The Time of the Wolf by James Wilde

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Rating:  ★★★

This is a historical fiction retelling of Hereward, a hero of medieval England during the time of William the Bastard.

It’s a good story told in a poorly constructed novel. I have so many problems with it and yet I read it through to the end, even though it took two weeks, so I’m giving it three stars.

My first issue is Hereward himself. It’s clear the author adores him as a historical figure, but that’s a lot of the problem. He’s almost never referred to as anything other than “warrior”. We are shown time and again that he is a warrior, but I didn’t need to also be told he was a warrior in every other sentence. I was beat senselessly over the head with this information.  It felt like the author didn’t trust his readers to see that Hereward was a warrior so he felt the need to keep reminding us.  My enjoyment of this novel would have improved ten fold if 90% of the instances of the word warrior had been removed.

There are a lot of scenes that are laughably ludicrous. The first that comes to mind is the scene where Hereward fights naked in the snow. He uses his clothing to tie a man up to a tree or a rock or something. Apparently this task requires literally all of his clothes. Then he slowly, silently kills four or five men lurking around the area. While it’s snowing.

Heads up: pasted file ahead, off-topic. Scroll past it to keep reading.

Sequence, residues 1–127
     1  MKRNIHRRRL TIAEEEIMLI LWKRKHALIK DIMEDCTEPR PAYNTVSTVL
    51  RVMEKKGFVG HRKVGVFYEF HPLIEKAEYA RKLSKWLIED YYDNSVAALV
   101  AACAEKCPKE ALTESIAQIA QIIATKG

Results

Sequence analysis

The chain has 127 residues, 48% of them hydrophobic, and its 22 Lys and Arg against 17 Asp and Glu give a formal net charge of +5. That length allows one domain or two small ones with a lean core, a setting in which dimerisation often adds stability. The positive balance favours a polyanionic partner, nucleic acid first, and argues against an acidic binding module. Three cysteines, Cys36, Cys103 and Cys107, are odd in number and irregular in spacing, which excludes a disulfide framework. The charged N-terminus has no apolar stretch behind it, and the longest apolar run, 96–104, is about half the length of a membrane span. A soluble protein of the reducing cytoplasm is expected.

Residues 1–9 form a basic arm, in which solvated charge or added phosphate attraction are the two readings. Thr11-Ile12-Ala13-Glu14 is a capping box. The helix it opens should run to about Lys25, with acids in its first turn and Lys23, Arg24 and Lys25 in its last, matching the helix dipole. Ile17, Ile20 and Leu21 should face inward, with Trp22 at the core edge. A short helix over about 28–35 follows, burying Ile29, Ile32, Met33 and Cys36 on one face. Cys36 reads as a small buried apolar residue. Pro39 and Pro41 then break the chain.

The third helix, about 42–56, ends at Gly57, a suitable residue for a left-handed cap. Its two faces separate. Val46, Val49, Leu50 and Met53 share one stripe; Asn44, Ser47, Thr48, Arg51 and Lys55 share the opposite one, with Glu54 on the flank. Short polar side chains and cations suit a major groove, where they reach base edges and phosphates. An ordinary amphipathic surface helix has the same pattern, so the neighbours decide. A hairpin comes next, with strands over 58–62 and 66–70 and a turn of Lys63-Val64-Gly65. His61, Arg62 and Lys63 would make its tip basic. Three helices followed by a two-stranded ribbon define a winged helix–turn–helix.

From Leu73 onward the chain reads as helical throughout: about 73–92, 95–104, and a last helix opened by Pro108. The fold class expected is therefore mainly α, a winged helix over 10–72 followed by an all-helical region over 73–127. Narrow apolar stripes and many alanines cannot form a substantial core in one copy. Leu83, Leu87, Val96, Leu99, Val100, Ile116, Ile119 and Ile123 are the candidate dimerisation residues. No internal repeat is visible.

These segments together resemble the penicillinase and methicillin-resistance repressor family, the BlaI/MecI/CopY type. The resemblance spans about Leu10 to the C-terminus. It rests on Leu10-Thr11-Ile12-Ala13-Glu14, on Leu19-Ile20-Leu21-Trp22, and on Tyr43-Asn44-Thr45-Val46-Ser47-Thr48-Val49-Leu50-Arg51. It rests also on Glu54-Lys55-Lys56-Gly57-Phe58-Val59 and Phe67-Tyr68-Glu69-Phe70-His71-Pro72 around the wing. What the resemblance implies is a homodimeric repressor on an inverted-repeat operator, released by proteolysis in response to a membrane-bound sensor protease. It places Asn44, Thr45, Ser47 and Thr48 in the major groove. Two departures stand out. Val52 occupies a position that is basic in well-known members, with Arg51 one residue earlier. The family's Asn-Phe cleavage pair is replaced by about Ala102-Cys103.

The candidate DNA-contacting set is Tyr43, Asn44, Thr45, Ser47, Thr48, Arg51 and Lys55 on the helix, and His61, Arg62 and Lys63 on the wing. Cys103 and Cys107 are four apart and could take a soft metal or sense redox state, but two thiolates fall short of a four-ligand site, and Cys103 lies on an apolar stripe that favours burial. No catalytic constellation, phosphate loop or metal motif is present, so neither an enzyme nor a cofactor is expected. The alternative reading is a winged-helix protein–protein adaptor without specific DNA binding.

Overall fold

Just… why? It’s so stupid. What did he need to be naked for? Magic in some rope. That would have been more believable. I’m supposed to believe a naked man is a deadly killer and not shivering violently in the snow? There’s another scene where he rises naked out of an icy pool of blood that’s constantly referred to. That was more believable but I felt like it was put in for “awe” value rather than serving any real purpose.

Then there’s Alric. His only real purpose in the novel is to remind you what a bad ass Hereward is and how his soul needs saving. *eye roll*

Then there’s the actual plot of the novel. It sort of starts out as a strong revenge plot, but the revenge portion is artificially resolved 50% in, SPOILER: because Hereward just decides to walk away from it. Umm.. okay.  We still follow what’s going on with the characters Hereward wants revenge on, so it feels like he’ll be back to take it some day.

But then 75% in, the revenge plot resolves itself, without Hereward even being present, and you are forced to wonder why you’re still reading. It was a very odd place to end. So everything that happens to Hereward while the plot resolves itself is basically filler, and then the conclusion comes and you feel like you’re ready to stop reading or pick up the next book, but Hereward has to be roped back into it somehow so it continues. Furthermore his motivations for doing what he does makes literally no sense.

The writing was decent, but Holy Similes Batman! The beginning of the book is absolutely loaded with them. Like every other sentence. I found myself re-reading overly flowery and overly complex sentences just to try and figure out what the author was trying to say.

So the beginning of the book I didn’t love because of Hereward’s hero worship, and the end I didn’t love because of the bad plot structure. But the action was good and I did like some of the characters, Acha, Vadir and Judith were great. Redwald is probably the best characterized. He felt more real than any of them and his motivations make the most sense even if they are a little simple.

I haven’t decided yet whether I will continue the series. I will probably check out a few other books written about this time period before I decide.